What the designs of Congress respecting this Gentleman were – & what line of Conduct I am to pursue, to comply with their design, & his expectations, I know no more than the Child unborn, & beg to be instructed. If Congress meant that this rank (Major General) should be unaccompanied by Command I wish it had been sufficiently explained to him- If on the other hand it was intended to vest him with all the powers of a Major General why have I been led into a contrary belief, & left in the dark with respect to my own conduct towards him? –this difficulty with the numberless appointments, adds no small embarrassment to a command which, without it, is abundantly perplexed by the different tempers I have to do with, & different modes which the respective States have pursued to nominate & arrange their officers; the combination of all which, is but too just representation of a great Chaos from which we are endeavoring . . . . I was going to address Congress for Instructions in this case of the Marquis de Le Fyatt, but on second thought concluded to ask some direction of My Conduct through a Member, and therefore have imposed this task on you. Let me beseech you then my good Sir to give me the sentiments of Congress on this matter that I may comply with them.
The French marquis that spurred this letter was, of course, none other than the soon-to-be-famous, and practically adopted son of Washington, Lafayette.
The frustration in the tone of the letter comes through as Washington was once again being told to deal with a young, untested foreign officer looking for an integral role in the command of his army. For the most part Congress passed these “adventurers” on based mainly on the subject’s connections in Europe and what resources they may have been able to bring with them. There was very little vetting done. While in this case it worked out and eventually the Marquis de Lafayette became a hero of the revolution, as well as going on to lead a revolution in his own country, these Congressional decisions did not always work out.
Many foreign officers were commissioned at a higher rank than the American officers and were certainly paid more. An example of this that almost brought the army to its knees centered on Gen. Henry Knox. Knox had been serving as the head of the Continental Artillery, which also put him over the engineers. Since his heroic and legendary exploit that involved hauling much-needed cannon from Ticonderoga to the siege of Boston, Knox had again and again shown his ability and talent for his new profession. Imagine his surprise when a group of French officers arrived with instructions from Congress that they were to supersede him. Without hesitation, he reached out to General Washington:
A resolution, of the 30th ultimo, has been shown to me by some French officers attached to the corps of artillery under my command, ordaining that all officers of artillery, engaged by Mr. Deane in France, shall take rank, in the American artillery, according to the dates of their brevet commissions in the French service.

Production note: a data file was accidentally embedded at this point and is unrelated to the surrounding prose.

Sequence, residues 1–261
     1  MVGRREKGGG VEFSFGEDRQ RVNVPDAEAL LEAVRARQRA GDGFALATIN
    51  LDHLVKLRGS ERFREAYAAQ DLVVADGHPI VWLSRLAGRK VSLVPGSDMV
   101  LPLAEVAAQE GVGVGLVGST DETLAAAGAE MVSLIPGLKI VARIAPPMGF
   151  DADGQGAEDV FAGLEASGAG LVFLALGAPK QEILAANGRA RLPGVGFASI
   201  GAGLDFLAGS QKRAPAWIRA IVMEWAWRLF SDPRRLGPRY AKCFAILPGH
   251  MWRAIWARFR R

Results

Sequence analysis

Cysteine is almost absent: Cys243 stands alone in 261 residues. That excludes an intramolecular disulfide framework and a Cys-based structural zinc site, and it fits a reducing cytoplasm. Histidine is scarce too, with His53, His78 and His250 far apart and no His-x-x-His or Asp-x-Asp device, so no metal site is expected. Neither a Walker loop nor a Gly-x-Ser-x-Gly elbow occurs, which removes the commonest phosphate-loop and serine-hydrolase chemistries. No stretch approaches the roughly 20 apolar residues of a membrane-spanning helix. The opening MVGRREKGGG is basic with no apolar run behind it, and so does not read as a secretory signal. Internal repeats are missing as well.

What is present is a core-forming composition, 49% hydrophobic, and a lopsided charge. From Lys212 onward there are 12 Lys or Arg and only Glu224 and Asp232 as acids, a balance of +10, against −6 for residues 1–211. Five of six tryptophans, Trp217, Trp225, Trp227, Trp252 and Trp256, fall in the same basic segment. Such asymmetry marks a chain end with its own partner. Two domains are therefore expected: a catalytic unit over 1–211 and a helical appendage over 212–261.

I believe the Congress did not sufficiently consider the consequences of such a resolution, or that they had not full information to form it, consistent with that justice which is due their own officers.
I conceive the most fatal consequences will arise to the artillery, except this resolution be repealed, at least so far as respects the seniority of rank. All that can with propriety be done, is to give them commissions dated at the same time that Congress accepted their services. Anything more will occasion the resignation of every officer of spirit in the corps, who, though they are actuated by every tie of attachment and interest in the service of their country, yet will infinitely prefer serving as volunteers, than under people who can have no other tie than the pay they receive, and who cannot give a single order that can be understood.
In justice to the merit of the officers under my command, and to promote the good of the army, I make this representation to your Excellency, begging that you would be pleased to transmit it to the Honorable Congress for -their information. If they repeal the resolution, I shall be happy. If they do not, I shall be clear of any bad consequences which may follow. I am, with the greatest respect,
Your Excellency’s most obedient servant,
When word of this French officer’s commission started making the rounds, it was not only Knox that stood angry and confused. General Greene, always quick to the defense of his friends, started a letter writing campaign to Congress to get the issue resolved. Then, as if to make the matter even more of a mess, Greene found out that the French Officer’s commission date would put him over Greene also! A new round of letter writing was undertaken by Greene, Knox and Gen. John Sullivan, all three of whom threatened to resign over the issue.
Washington did as Knox requested and sent the letter on to Congress who responded with a new resolution stating that, at least in this case, the intention of previous resolution was to set the rank and seniority “among the French themselves.” Their commissions in the Continental Army and thus their seniority would be based on when Washington accepted them into the service. This was not, however, the end of the issue.